It may be noted that the states mentioned above are those that have a large number of malnourished children and anemic women, who will bear the brunt of the reduction in their nutrition-related expenses.
AR Sindhu, national general secretary of the All India Federation of Anganwadi Workers and Helpers (AIFAWH), said the Narendra Modi government has drastically cut the budget of ICDS (Integrated Child Development Scheme). She said due to constant intervention of the Supreme Court and huge pressure from the public, the government is not being able to shut down Anganwadis, but the Centre has instead been continuously cutting actual expenditure. Whereas in the CAG (Comptroller and Auditor General) and Parliamentary Committee reports, the government itself talks about malnutrition and pre-primary school children and how there is need to strengthen Anganwadis.
Talking on the vacant posts, Sindhu told NewsClick says that the responsibility of the Anganwadi centers where the posts are lying vacant has been passed on to workers of centres at the rate of only Rs 50 per month, due to which there is additional burden on these workers. She added that no recruitment means benefits will not reach the beneficiaries properly, thereby impacting the nutrition needs of poor children.
Need for More Anganwadi Centres
A large number of children are still out of the ambit of Anganwadis. In response to a question in Rajya Sabha, the Union Minister said that till March 31, a total of 8.31 crore beneficiaries had been given supplementary nutrition under Anganwadi services, out of which 6.75 crore children and 1.57 crore pregnant and lactating women were beneficiaries.
According to the 2011 Census, there are 16.45 crore children between 0 -6 years of age in the country, of which 12.13 crore are in rural areas and 4.32 crore in urban areas.
Commenting on this, Sindhu said currently only 50% beneficiaries are covered under the Anganwadis scheme. There are 16 crore children in the country below the age of 6 years. According to government data, only 6.75% are covered by the Anganwadis, which shows that there is need to set up more Anganwadi centres in the country.
At present, there are 14 lakh approved Anganwadi centres in the country, much less than the country’s requirement, keeping in mind the number of children and the number of pregnant and lactating women in India. The Centre needs to set up more centre as well as increase the number of employees, Sindhu said.
Services Covered by Anganwadis
The beneficiaries under the Anganwadi Services Scheme include children up to the age of 6 years, pregnant women and lactating mothers, who are given a service package.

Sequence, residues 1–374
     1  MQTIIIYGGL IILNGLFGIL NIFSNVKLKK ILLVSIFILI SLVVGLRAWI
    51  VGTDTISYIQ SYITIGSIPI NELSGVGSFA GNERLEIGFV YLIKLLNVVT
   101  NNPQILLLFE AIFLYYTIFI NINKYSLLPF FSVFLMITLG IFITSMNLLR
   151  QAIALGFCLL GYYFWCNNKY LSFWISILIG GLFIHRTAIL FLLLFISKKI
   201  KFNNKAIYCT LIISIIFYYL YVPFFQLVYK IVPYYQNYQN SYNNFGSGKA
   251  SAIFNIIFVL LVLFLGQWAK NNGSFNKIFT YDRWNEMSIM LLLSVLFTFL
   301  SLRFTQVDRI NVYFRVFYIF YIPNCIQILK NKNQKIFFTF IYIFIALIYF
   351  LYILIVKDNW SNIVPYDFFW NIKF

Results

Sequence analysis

The other activities include providing supplemental nutrition (SNP), imparting pre-school non-formal education, providing nutrition and health education,
vaccination, health checkups and referral services.
But, in addition to all these works, Anganwadi workers and assistants are involved many works and surveys by the Panchayat Department, Election Commission, Health Department and other institutions and departments.
During the pandemic, all Anganwadi centres across the country were closed, but to ensure continuous nutritional support to the beneficiaries, door-to-door distribution of supplementary was done twice a month by the workers and helpers.
No Minimum Wage, No Social Security
Anganwadi workers and helpers are unpaid workers who are not considered ‘employees’ by the government, and are not covered under the Minimum Wages Act, 1948. They are paid a very little amount by the government, which is termed as ‘honorarium. The amount of honorarium fixed by the Central government is Rs 4,500 for a worker, Rs 3,500 for a mini Anganwadi worker and Rs 2,250 for a helper. However, some states pay higher from their own resources, but that too is very less in most states.
Anganwadi workers and helpers are given an insurance cover of Rs 2 lakh each in the name of social security only under Pradhan Mantri Jeevan Jyoti Bima Yojana (PMJJBY) and Pradhan Mantri Suraksha Bima Yojana (PMSBY). The insurance under PMJJBY is for those aged up to 50 years, and under PMSBY, the services are given till the age of 59 years, whereas services are taken from these workers even till they are 65 years old.
Let us tell you here that any common citizen can also get insurance under PMJJBY and PMSBY by paying Rs 330 and Rs 12. Apart from this, there is a provision of giving Rs 20,000 in case of serious illness. Anganwadi workers and helpers do not get any benefit of provident fund (PF) and gratuity.
The demand of Anganwadi workers to give them the status of ‘employee’ and they be paid minimum wages has been long-pending, which the government has been continuously ignoring.
This neglect of the government of the huge army of Anganwadi workers, who are responsible for nurturing the future of the country, is deplorable and needs to be rectified with immediate effect.
(Translated from Hindi. See the original article here.)